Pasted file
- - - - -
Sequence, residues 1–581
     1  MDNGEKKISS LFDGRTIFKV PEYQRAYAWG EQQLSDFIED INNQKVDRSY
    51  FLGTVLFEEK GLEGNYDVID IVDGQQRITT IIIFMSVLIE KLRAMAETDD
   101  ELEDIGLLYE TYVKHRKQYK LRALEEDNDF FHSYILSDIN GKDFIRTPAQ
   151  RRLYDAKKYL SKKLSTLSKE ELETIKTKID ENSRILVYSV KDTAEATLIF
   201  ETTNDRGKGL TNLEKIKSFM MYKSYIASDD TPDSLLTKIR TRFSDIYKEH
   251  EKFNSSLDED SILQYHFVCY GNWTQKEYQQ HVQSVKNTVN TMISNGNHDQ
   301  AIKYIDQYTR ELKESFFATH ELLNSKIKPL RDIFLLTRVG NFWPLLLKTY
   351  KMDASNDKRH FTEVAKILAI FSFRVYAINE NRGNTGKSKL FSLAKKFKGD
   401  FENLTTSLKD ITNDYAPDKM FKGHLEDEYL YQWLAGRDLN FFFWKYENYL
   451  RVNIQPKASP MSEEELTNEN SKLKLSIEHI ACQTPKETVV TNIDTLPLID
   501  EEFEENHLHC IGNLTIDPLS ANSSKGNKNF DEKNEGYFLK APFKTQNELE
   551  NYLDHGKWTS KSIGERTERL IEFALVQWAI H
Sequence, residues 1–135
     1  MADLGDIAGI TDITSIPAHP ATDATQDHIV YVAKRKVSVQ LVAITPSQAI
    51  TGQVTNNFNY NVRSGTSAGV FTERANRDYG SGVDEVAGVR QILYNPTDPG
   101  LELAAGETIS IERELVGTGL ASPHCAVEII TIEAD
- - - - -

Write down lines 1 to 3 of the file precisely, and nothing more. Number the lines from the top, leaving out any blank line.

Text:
Sequence, residues 1–581
     1  MDNGEKKISS LFDGRTIFKV PEYQRAYAWG EQQLSDFIED INNQKVDRSY
    51  FLGTVLFEEK GLEGNYDVID IVDGQQRITT IIIFMSVLIE KLRAMAETDD